Finally maybe back on track. I’m up to the seventh of the Talkartoon series. It’s arguably the most famous one. It’s one I’ve already reviewed, because it’s the debut of Betty Boop. But, heck. I’ve seen the cartoon many times. What’s one more? From its original release the 9th of August, 1930, here’s Dizzy Dishes.
Bimbo’s looking different from how he did in his debut in Hot Dog. It’s a common fate of characters in those days. It’s a small change, mostly: his head’s black rather than white. Or maybe I was wrong in Hot Dog and Bimbo was supposed to be the cop. As mutations go this isn’t a big one. Betty Boop would change much more between this, her first prototypical look, to the iconic image and then a bit more to her final appearance in her own cartoons.
Bimbo does a fair job driving the action this short. Everything that goes on relates to how he’s the waiter and apparently chef of this cabaret and not all that interested in being either. It’s a strange choice. I mean, it’s amusing, yes. Fair enough he should find a flood of rhyming orders annoying. That he goes the long, ridiculous way around actually preparing roast duck? That he puts it off for a dance number? The internal logic is weird. Granted that Gus Gorilla (if the Internet Movie Database is right in identifying him) looks menacing. How is he going to be less dangerous if he’s served his roast duck? How does hacking a chopping block into a locomotive engine help matters any?
And I guess the answer has to be that Bimbo, this cartoon has a personality. And that personality is the zany screwball. He’s not as fast-paced or as wild as black-and-white Daffy Duck. But try imagining this cartoon done with that early Daffy Duck as the waiter. It kinda fits, doesn’t it? … And then it makes sense that Bimbo doesn’t even try to placate a menacing-looking customer. A screwball doesn’t work if he cares.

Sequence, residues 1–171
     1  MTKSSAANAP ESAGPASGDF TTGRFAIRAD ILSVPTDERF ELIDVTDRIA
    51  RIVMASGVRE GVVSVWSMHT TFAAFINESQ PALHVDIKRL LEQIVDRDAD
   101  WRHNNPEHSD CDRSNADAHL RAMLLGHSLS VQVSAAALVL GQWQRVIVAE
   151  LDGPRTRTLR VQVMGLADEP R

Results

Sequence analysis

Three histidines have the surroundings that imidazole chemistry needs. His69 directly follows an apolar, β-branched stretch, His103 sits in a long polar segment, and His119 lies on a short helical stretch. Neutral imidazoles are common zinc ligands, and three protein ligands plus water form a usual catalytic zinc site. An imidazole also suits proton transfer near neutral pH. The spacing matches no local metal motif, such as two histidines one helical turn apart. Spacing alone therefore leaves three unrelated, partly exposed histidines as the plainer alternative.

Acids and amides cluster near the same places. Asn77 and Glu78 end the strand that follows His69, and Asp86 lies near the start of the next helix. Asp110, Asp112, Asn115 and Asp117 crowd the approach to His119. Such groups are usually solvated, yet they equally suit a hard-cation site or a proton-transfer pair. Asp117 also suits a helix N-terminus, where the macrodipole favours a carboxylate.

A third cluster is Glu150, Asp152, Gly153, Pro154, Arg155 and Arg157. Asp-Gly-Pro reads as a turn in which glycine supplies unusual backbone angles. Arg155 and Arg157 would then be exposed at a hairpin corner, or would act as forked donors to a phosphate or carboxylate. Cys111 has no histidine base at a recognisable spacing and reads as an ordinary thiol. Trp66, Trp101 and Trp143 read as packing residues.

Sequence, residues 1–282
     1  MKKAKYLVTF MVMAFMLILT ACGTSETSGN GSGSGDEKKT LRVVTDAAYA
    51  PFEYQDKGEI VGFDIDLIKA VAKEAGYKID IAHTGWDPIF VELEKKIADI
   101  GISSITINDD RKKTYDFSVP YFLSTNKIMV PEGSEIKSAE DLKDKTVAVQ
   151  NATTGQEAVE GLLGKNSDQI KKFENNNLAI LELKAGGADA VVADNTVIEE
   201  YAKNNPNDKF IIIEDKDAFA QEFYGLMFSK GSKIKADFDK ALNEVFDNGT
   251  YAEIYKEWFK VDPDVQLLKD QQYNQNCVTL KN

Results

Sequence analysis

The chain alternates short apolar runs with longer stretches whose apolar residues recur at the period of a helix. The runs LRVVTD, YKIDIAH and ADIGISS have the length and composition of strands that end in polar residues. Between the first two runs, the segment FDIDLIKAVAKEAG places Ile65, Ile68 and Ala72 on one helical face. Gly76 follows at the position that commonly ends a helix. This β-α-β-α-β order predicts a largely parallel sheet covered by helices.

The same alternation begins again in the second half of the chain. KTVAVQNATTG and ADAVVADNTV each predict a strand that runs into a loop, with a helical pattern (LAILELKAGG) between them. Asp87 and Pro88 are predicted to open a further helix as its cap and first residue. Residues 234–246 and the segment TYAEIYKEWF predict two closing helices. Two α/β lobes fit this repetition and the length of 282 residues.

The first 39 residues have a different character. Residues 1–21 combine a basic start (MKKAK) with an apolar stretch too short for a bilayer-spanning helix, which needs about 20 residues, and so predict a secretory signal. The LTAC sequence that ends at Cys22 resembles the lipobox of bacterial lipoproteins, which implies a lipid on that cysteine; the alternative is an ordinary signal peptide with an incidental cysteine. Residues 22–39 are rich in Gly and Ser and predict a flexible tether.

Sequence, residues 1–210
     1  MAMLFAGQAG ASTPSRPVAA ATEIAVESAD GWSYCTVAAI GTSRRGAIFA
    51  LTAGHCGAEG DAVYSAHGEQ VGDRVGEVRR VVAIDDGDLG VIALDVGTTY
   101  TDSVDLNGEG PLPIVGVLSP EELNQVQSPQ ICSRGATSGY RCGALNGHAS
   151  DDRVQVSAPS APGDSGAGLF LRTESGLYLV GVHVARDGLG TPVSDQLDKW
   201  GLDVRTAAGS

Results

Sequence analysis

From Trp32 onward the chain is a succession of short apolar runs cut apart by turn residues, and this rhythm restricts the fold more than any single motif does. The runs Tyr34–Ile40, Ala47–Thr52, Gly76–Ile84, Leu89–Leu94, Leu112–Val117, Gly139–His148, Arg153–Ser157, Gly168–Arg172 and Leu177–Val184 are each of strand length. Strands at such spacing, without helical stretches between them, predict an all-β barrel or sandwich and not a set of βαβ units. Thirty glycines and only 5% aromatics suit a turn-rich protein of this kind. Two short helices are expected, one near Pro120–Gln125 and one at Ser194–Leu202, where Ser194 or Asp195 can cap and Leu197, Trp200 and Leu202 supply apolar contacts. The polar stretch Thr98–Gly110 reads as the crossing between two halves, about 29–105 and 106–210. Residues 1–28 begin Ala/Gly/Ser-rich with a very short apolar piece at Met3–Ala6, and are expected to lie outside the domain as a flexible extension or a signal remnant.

The cartoon devotes a lot of its time to a song, like all these shorts have done so far. And that gives what everyone agrees is the debut of Betty Boop. She hasn’t quite got the form that would have her eighty years later still be put on bumper stickers I’ve never seen on an actual car. Really, her original, Grim Natwick-designed model is kind of hideous. Bimbo’s smitten, although I can’t say that’s due to her inherent charisma. It seems like any singer-character put in this role would do just as well. Her voice is appealing enough, but I might think that because of later associations. There is a weird little irony that in Betty Boop’s debut Bimbo steals nearly all the chances to sing “boop-oop-a-doop”. I’m not sure anyone could look at this and realize, yeah, that singer’s the character who will take over this series and then get her own cartoon series after that.
But the cartoon’s got a decent flow to it. There’s fewer dull segments, and few bits where the cartoon is clearly just repeating an amusing gag until everybody in the audience gets it. There’s a suspiciously Mickey-like mouse back in this cartoon, applauding at about 4:30 in. The roast duck laying an egg that hatches into another roast duck (about 4:10 in) is such a weird moment. When I showed a friend this, back in 1998 when we only had episodes on videotape — nobody had solved the problem of sharing video online back then — he was horrified enough he nearly refused to watch the rest. You don’t get cartoons like that anymore.
And as long as I’ve got Betty Boop under discussion: I just discovered that Comics Kingdom has started reprinting the Sunday installments of the Betty Boop comic strip. They started this months ago; I hadn’t heard is all. I hate to admit, but the strip — about Betty Boop’s foible-filled life as a movie star — is pretty dire. But at least you can make out where the jokes are supposed to be. I have my suspicions that possibly Max Fleischer didn’t actually write and draw every panel.